A long, long, looong post on the KLF

Posted: February 7, 2011 in Social Events
Tags: , , ,

KLF 2011: the Good, The Bad, And The Ugly:

If it wasn’t for my creative writing teacher, I’d have never head of the Karachi Literature Festival last year. At his urging (and threats to cut marks if we didn’t attend a single panel) I dragged a friend along, and had a surprisingly pleasant time. Consequently, we were both eager to spend more time there this year around, and I roped in some friends from my English Lit class in college to tag along as well.

Momentarily overwhelmed by the crowd, we managed to find our way to the Maharaja lounge to catch the last bits of a talk on literature and extremism. Therein began the bad. The room was less of a discussion, and more a press slash socialite event. People were standing around chatting to each other (oh dah-lin, that dress is just too-too is a huge exaggeration, but the impression it leaves should give you an idea of what I mean), cameramen were rudely shoving their way around, and someone please explain to me why journalists that were supposed to be covering the story were the ones that wouldn’t be quiet! Despite the appeal of Raza Rumi moderating the discussion, we were disgusted and left to attend Bina Shah’s book launch, Slum Child. On the way, Muhammad Hanif passed by; “Oh my God that’s Muhammad Hanif! It’s him, it’s really him!” I squeaked and maybe jumped a little bit in excitement, making it halfway across the room to get my book signed before getting embarrassed by my admittedly fangirl-ish reaction.

Bina Shah proved to be eloquent, witty, and charming, to my pleasant surprise, having heard a lot of negative things about her. One of my friends, who had been her student, whispered, “Ghausia you’ll like her, she’s a lot like you.” While I can’t possibly see the similarities, I was instantly charmed and rushed to buy her book, which I luckily enough, got signed later. At the end of the session, she read out an excerpt from Slum Child, which I managed to record on my phone, despite being wrapped up in the story. “Swinging my braid over my shoulder-I liked to do this ten times an hour, its weight and thickness pleasing me greatly …I didn’t mean to step in the filthy water overflowing from the drain, stinking of urine and excrement and chemicals. The whole slum smelt like that anyway and I didn’t want it on my skin as well,” she intoned, as if she was talking about personal experience, rather than a character in her book.

Witty, eloquent, charming, Bina Shah is my new crush!

The worst part for us though, was lunch. I hesitate to write this for the same reason that I hesitate to tell people I have a stomachache; they automatically give me a once-over, as if to say, “With your weight, I’m not surprised.” But the food setup was simply abysmal. Crammed in the same area as the book stalls, stale, burnt, or raw, we settled for the ridiculously overpriced café inside, where despite sitting for about forty-five minutes, we never managed to get our table cleared. Half an hour passed, and they brought us one cookie, which apparently came with my coffee. Still as hungry as we’d been before, we headed to the ballroom to catch Mohsin Hamid and, once again, Bina Shah.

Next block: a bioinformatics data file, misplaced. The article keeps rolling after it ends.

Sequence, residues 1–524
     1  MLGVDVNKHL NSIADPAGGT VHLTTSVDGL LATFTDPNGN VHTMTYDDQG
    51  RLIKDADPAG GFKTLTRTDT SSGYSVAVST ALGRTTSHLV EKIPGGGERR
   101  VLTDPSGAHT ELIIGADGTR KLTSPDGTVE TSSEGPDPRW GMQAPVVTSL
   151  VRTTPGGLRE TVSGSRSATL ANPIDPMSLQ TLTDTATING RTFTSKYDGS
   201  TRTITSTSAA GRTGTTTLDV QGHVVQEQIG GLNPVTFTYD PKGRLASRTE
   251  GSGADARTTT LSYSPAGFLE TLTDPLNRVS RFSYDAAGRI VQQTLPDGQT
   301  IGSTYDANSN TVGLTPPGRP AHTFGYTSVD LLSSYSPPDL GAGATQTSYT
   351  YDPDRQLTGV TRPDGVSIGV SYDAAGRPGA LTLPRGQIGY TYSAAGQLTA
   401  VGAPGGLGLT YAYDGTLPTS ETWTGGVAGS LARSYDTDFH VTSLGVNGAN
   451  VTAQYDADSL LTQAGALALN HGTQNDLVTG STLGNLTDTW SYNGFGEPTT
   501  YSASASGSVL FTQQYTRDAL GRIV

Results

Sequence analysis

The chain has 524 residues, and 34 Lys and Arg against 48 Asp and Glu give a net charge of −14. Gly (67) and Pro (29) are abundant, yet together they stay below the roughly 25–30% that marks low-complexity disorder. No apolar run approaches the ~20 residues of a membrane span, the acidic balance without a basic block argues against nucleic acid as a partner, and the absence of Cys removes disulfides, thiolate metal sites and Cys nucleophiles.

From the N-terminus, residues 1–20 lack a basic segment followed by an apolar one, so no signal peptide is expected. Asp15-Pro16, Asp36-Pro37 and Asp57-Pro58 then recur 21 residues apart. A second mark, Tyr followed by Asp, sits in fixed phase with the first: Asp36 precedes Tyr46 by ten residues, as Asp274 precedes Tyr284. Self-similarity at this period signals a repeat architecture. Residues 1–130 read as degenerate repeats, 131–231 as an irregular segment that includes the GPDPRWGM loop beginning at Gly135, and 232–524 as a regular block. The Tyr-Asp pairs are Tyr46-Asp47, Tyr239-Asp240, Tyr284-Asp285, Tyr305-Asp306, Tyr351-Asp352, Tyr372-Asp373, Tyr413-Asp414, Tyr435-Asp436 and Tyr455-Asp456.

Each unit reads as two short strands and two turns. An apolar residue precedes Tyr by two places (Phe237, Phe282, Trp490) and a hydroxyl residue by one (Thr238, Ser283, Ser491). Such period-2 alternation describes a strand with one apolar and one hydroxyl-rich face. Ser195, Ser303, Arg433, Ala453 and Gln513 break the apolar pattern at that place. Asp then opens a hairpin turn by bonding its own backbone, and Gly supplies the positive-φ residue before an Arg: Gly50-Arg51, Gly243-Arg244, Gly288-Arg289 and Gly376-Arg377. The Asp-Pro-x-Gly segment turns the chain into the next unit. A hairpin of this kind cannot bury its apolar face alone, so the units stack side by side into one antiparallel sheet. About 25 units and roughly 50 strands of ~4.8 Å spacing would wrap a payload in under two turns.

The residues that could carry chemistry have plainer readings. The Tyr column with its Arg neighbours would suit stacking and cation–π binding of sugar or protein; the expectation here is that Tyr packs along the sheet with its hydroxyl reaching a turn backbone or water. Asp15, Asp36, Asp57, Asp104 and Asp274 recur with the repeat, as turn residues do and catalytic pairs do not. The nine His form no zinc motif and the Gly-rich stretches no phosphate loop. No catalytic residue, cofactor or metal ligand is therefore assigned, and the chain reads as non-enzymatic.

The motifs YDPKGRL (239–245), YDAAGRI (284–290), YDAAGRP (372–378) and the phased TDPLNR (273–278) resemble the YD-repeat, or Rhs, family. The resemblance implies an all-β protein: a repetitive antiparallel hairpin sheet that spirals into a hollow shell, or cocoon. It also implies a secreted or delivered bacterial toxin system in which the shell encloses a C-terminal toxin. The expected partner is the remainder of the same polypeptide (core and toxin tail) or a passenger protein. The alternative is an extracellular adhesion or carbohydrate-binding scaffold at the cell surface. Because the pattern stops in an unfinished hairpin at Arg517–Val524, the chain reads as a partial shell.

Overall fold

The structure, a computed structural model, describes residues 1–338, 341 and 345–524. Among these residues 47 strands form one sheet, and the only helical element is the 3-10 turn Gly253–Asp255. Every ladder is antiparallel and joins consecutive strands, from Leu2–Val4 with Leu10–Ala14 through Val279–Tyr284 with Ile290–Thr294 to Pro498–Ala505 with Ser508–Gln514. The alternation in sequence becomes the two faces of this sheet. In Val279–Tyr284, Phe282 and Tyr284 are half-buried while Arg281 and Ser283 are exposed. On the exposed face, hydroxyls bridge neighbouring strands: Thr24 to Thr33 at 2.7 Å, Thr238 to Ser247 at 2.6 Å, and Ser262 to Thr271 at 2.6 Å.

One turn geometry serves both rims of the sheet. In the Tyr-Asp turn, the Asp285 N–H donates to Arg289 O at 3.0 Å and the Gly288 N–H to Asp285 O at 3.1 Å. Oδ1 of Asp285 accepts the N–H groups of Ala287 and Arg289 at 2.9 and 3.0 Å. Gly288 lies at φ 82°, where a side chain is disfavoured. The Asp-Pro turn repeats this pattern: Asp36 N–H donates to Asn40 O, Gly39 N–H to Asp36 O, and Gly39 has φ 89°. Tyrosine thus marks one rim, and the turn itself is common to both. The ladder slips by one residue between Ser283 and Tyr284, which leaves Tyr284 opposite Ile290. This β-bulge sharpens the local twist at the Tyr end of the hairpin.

The ridiculously ill-run, over-priced cafe which ran out of chili!

Sadly enough, we weren’t too late because all the panels were running one hour later than the prescribed time. We caught the ending of the Ajoka panel, and the play on Bulleh Shah and Aurangzeb Alamgir. Luckily for me, there weren’t many people sitting around us to be annoyed by me constantly asking a friend to translate the Punjabi in Bulleh Shah’s play.

Some dude told Bulleh Shah to listen to him, which apparently, he didn’t.

As a Sikh exclaimed that others may doubt Shah’s religion but he was still a Muslim to him, I couldn’t help quipping, “I wish someone would say that about me heretical ways.”

Apparently others may not believe in Bulleh’s musalmani but to the angry Sikh, he is a Muslim

The Sikh almost hugged Bulleh when he burst into song, but ran away like a pussy instead.

Aurangzeb’s play brought tears to my eyes as Shah Jehan wailed over the head of his eldest son, while the fakir taunting Aurangzeb sent chills down my spine. The only flaw? There wasn’t a real, or even fake human head shown, just a covered tray. They should have shown some sort of head at least, but hey, I’m creepy that way.

Yeh meray Dara ka sar hai!

Fakir defying Aurangzeb Alamgir, the twat.

Yeh tumharay bhai Dara ka sar hai! (Soemthing about his daughter Zebun-Nisa) Mein apna nangapan chupaun, ya tumhara nangapan?!